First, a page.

DBQ Day 5: Five Rings to Rule Them All

It’s Olympic time!  2008 Revised DBQ

With the summer games this year in Rio, our students should have at least some idea of the modern Olympic movement in the back of the minds.  The 2008 legacy DBQ has 10 documents and plenty of visuals, so creating a new DBQ was only a matter of trimming.  I briefly considered adding this picture of London’s Olympic mascots as a visual document…
creepy mascot

…but then decided the AP exam already gives students enough nightmares.

Thinking more broadly, the old annotated rubrics put together by Angela “The Mad WHAPchatter” Lee and Bill “Free Billy” Strickland presented in this article on World History Connected were essential to my students learning how to write the essay.   Students found the four-sided analysis organizer particularly helpful, especially on early essays.

annotated document

What might be on the four sides of an updated organizer for the new exam?

2 thoughts on “DBQ Day 5: Five Rings to Rule Them All

  1. Sam Routhier says:

    Cool analysis chart. Could we play with “SOAPStone” or “AP Parts” or “HAP-P” on one side (HAP-P for Historical Context, Audience, Purpose, Point of View), Grouping on another, Outside Historical Knowledge on a third, and Contextualization on a fourth? I worry that the last two ideas are really more about the broad scope of the essay topic instead of just a singular document though.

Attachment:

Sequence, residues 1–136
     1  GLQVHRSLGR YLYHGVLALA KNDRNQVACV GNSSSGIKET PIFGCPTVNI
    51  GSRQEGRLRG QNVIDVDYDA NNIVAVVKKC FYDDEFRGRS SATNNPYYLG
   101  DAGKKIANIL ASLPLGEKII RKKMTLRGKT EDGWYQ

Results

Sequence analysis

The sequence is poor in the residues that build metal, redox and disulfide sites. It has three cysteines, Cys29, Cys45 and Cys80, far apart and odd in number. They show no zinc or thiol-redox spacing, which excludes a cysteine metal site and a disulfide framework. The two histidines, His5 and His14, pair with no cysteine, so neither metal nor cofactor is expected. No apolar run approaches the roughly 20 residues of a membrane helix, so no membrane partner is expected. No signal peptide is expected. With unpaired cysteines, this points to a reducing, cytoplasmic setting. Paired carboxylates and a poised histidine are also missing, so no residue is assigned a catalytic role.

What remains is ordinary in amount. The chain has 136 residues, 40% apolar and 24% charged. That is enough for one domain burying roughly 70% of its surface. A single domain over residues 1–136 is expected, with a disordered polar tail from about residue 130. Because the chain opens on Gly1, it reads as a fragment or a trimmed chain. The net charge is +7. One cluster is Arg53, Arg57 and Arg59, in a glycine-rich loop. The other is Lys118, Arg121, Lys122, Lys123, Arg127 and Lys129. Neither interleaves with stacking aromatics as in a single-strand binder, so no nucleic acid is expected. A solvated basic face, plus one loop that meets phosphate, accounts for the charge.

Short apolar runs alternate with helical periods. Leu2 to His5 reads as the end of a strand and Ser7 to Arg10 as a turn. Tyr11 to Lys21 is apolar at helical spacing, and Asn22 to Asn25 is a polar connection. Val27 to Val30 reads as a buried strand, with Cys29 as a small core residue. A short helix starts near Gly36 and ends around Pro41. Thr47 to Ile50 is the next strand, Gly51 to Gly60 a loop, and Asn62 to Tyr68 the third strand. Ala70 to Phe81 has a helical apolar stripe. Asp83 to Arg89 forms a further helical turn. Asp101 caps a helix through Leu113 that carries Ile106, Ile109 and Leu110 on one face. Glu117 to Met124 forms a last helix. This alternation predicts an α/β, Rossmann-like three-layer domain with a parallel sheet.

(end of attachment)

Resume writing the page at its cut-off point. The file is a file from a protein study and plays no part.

For this essay, what do you think for effective outside historical knowledge? So if a body paragraph were describing how nationalism was a factor shaping the Olympic games, could I just bring in some facts about fascism and get the job done? Is that really connecting back to the prompt? Or for women’s roles, could I connect it to rising women’s participation in wartime economies and get the point? These seem like cool ways to contextualize, but they’re not directly tied to answering the question.

  2. Angela Lee says:

    Mad WHAPchatter 😀

    I will have to think about how I’d revise the process for students to approach docs — that approach was originally “stolen” from Bill Ziegler.

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